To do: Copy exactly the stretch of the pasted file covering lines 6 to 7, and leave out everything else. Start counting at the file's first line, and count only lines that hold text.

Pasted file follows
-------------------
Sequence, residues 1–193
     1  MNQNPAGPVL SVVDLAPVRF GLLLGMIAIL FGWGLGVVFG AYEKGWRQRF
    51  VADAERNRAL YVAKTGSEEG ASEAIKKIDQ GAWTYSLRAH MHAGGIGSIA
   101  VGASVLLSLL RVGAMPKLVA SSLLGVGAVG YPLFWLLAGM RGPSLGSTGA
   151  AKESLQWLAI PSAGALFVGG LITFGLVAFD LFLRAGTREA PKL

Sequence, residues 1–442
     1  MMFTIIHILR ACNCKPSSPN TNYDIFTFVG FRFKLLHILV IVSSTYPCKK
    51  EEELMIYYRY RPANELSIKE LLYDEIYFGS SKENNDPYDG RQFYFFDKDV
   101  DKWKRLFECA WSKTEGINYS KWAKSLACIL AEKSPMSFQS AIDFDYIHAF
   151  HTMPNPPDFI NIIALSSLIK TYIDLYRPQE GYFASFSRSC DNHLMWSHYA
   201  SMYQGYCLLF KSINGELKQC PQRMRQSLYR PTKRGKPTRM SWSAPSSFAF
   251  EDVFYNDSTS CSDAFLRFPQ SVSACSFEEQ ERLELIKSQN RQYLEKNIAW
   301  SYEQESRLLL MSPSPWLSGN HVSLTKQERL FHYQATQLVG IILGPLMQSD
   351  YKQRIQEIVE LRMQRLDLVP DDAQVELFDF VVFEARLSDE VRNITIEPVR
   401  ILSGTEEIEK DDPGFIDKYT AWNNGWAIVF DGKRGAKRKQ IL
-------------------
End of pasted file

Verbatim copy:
Sequence, residues 1–442
     1  MMFTIIHILR ACNCKPSSPN TNYDIFTFVG FRFKLLHILV IVSSTYPCKK